• Going off the kingdom metaphor Rexy’s fate is especially sad. The old Queen has just reclaimed her kingdom and now it’s destroyed with her and a handful of her surviving subjects being enslaved.

  • At the very end, Owen tries to get Blue to come with them, for her safety. She looks at him, then one of the cages, then back to him as if to say, "Sorry, I can't trust you anymore," before running off on her own.
    • The way both Blue and Owen look to each other when they both see that cage after the latter begs her to come with him. Blue's expression may have said like this, "We both know that isn't possible"
    • And when they parted ways and have one last look with each other as if both saying "Goodbye Dad" and "Goodbye Blue". Heart wrenching that father and daughter have to be separated once more.

  • Doubling as Fridge Horror, there's the fact that several dinosaurs were successfully auctioned off to less than scrupulous buyers and will likely have a life of abuse, unethical experimentation, or possibly even being slaughtered for their meat, hides, organs, etc. to look forward to.

  • When Claire decides to not open the gate and release the dinosaurs to the wild, while Maisie does free them at the end, for a while it looked like it was the end for these creatures.

  • The state of Jurassic World itself, like the old Visitor Center last time it was left to ruin. Seeing the park, representing John Hammond's dream, just left to die tugs at the heartstrings.

  • The Indoraptor himself. In the film, he was shown escaping, killing humans until he was killed by Owen and Blue. But given that he was a sociopathic, sickly prototype, he would likely have been destroyed by Ingen once they cloned better specimens from Blue's DNA and had Blue to raise them to be obedient, and even if he successfully escaped into the wild, his lack of survival skills, coupled with his immune and respiratory illnesses, would have quickly done him in. He was clearly smart and supposed to be capable of pack-bonding like Blue, but he was emotionally stunted and twisted from the beginning along with his physical issues. However way you put it, the Indoraptor was inevitably doomed to a short and miserable life, with his kills in a way being his wreaking vengeance onto his creators as much as possible in the brief time he has.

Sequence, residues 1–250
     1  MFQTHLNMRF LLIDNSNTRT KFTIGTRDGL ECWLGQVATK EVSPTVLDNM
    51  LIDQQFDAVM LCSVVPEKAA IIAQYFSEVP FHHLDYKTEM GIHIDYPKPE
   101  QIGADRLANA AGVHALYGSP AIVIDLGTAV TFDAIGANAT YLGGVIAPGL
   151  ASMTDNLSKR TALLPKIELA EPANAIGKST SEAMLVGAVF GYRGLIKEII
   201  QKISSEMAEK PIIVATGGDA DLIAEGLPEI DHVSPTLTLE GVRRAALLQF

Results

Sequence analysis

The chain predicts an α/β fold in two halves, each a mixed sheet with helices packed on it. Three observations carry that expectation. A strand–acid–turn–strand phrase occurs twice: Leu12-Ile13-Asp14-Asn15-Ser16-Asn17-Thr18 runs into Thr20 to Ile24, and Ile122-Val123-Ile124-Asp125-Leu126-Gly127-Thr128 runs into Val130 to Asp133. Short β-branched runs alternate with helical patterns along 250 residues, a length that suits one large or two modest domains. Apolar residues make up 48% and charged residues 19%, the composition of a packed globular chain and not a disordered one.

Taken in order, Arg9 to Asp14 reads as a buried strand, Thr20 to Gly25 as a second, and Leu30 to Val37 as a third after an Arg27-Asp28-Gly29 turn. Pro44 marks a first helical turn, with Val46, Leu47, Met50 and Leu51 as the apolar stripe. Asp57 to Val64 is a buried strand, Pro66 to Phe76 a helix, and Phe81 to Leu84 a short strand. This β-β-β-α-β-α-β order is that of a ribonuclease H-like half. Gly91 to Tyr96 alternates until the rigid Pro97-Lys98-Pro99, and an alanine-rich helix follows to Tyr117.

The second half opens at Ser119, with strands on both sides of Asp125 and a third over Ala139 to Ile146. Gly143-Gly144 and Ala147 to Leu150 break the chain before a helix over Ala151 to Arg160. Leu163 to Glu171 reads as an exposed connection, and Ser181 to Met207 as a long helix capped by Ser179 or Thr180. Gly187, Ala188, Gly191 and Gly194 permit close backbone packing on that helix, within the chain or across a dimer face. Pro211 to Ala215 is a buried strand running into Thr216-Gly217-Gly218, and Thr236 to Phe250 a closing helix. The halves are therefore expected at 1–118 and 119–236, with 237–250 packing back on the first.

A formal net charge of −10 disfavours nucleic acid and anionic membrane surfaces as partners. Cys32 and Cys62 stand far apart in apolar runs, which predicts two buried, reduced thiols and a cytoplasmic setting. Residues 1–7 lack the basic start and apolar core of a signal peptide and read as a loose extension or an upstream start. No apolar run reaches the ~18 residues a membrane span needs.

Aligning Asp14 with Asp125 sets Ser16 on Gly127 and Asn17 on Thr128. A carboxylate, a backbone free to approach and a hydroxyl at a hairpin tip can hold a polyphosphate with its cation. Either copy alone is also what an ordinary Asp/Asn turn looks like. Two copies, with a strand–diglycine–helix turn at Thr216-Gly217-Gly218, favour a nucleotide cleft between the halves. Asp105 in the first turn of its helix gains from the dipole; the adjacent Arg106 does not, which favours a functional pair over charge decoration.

• Word of God stated that he was horribly abused. Concept art shows the dinosaur curled up as he's being tased by a guard, which is also shown in the film. This, along with the fact he was made specifically to kill, makes it clear you really can't blame the thing for why it's so vicious.
  • The ending. The main villains are dead, but so is Lockwood, leaving Maisie an orphan (though it's implied Owen and Claire intend to adopt her). Some dinosaurs are in the hands of criminals and are more than likely to be mistreated and used as bioweapons, and those that aren't have been released into the American wild, where they will certainly impact the ecosystem negatively, to say nothing of the ones that are shown invading populated areas and hunting humans.

  • The final shot of the movie mirrors the ending of its prequel, with a theropod roaring atop of a mountain. Only this time the dinosaur in question is Blue. The tearjerking part comes when you compare the sound she makes to the ones from the raptors in the third movie. She is not roaring in triumph like Rexy, she is actually calling for help.